PARIS, France – Following a meeting between a Kurdish delegation headed by Prime Minister Nechirvan Barzani in Paris, French President Emmanuel Macron has set the framework for a “national dialogue” between the Iraqi and Kurdish governments after the September Kurdish vote on independence. He said the dialogue, in light of the Iraqi constitution, must begin at the earliest time.
Macron said that France supports “the constitutional rights” of the KRG and the Kurdish nation.
The KRG leadership visited the Elysee palace on Saturday at the invitation of France.
President Macron said at a joint press conference with PM Barzani that the invitation shows that Paris “cares about the Kurdistan Region,” and the rights of the Kurdish people.
He said that he is going to make a phone call with the Iraqi Prime Minister Haider al-Abadi to push for dialogue.
President Macron said the Paris-supported dialogue must achieve five points:
“Respecting the [Iraqi] constitution in its entirety with all of its articles; Federal authority must be imposed at all border crossings [between Kurdistan Region and its neighbors]; All the militias of the Iraqi government must be disbanded, and that no militia must stay including the Hashd al-Shaabi; All revenues of Iraq must be shared equally between the nations of Iraq; Article 140 that concerns the disputed areas must be implemented.”
An English translation provided at the press conference said that PM Abadi “committed to” the fact that the militias must gradually be demilitarized, drop their arms and “return home.”
The points presented by the French president address key issues from the two sides. Iraq maintains that it must impose its federal authority over the international border crossings while the Kurdistan Region demands Iraq be committed to all the articles of Iraqi constitution “one by one,” especially Article 140 whose objective is to determine the fate of disputed areas such as the oil-rich Kirkuk.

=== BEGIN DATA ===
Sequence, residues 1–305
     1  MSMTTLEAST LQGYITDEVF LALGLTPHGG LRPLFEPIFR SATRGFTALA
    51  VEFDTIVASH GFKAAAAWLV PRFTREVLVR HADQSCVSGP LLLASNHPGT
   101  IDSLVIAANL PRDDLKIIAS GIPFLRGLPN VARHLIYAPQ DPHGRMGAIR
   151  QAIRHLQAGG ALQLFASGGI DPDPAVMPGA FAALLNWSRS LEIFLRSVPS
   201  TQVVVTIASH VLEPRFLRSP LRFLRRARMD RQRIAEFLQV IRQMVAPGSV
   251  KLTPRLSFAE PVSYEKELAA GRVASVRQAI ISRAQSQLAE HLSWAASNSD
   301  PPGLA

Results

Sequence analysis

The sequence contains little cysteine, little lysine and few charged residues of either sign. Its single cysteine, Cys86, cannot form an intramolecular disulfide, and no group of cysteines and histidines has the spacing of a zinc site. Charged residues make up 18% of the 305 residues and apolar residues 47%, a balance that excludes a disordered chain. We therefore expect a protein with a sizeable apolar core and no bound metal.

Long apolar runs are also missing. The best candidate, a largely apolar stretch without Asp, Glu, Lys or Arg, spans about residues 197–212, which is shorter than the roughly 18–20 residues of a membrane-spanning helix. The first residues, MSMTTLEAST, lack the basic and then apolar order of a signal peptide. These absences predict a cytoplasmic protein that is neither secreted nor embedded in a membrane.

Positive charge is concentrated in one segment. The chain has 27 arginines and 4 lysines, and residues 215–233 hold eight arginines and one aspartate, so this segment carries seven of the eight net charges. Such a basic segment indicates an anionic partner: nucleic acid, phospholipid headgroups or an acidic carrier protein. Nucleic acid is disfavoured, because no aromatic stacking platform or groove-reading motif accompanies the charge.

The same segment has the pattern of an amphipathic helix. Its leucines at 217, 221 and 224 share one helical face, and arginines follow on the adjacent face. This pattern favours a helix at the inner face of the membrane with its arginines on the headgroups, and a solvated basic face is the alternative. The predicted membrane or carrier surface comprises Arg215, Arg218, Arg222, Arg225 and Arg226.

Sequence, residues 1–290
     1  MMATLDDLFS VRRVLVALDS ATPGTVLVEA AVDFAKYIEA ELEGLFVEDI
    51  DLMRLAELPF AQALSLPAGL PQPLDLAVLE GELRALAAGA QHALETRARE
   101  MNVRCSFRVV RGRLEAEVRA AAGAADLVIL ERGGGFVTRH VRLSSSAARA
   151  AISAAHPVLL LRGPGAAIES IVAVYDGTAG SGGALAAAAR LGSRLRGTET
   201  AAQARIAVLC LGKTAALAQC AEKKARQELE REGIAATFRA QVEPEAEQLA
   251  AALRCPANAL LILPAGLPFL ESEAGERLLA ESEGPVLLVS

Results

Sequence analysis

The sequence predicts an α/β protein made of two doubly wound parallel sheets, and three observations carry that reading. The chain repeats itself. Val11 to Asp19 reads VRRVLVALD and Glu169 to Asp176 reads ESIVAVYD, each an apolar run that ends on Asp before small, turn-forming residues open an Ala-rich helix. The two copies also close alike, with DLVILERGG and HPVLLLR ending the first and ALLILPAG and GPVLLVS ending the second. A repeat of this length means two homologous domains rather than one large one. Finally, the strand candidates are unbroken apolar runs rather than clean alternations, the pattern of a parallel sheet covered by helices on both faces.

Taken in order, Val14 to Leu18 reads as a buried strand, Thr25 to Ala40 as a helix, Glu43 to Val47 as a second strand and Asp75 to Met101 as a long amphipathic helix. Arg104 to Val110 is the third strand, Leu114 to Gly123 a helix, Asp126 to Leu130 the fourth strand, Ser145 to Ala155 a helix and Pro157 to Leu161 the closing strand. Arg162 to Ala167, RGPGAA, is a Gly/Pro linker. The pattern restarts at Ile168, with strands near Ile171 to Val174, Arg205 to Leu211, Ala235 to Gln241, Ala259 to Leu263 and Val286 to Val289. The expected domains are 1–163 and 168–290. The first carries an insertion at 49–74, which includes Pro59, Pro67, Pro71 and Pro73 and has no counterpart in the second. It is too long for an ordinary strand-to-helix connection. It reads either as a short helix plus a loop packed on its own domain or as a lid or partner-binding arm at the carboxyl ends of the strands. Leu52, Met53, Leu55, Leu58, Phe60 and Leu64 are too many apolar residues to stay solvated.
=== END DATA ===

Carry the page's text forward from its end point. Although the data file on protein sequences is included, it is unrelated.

PM Barzani said that they informed the French president that the KRG is committed to a united, federal Iraq that respects the Iraqi constitution, that they are ready to enter constructive dialogue with Baghdad to solve all their outstanding issues based on the constitution, and that they respect “the rulings” of the Iraqi Federal Court regarding the fate of the Kurdish vote.
French President Macron (R) gestures as he addresses a joint press conference with KRG Prime Minister Nechirvan Barzani (C) and Deputy PM Qubad Talabani (L) at the Elysee Palace following a meeting in Paris on December 2, 2017. Photo: AFP / POOL / Etienne Laurent
The Federal Court has issued three verdicts since the KRG decided to hold the vote on independence: It ruled to suspend the vote in September, then concluded that the Iraqi constitution does not allow the separation of any part of the country, followed by the final verdict on November 20 that cancelled the outcome of the vote.
Regarding the fate of the international entry points including the airports of Sulaimani and Erbil, PM Barzani said that the KRG does not have any problem for Iraq to impose its federal authority provided it is “per the Iraqi constitution.”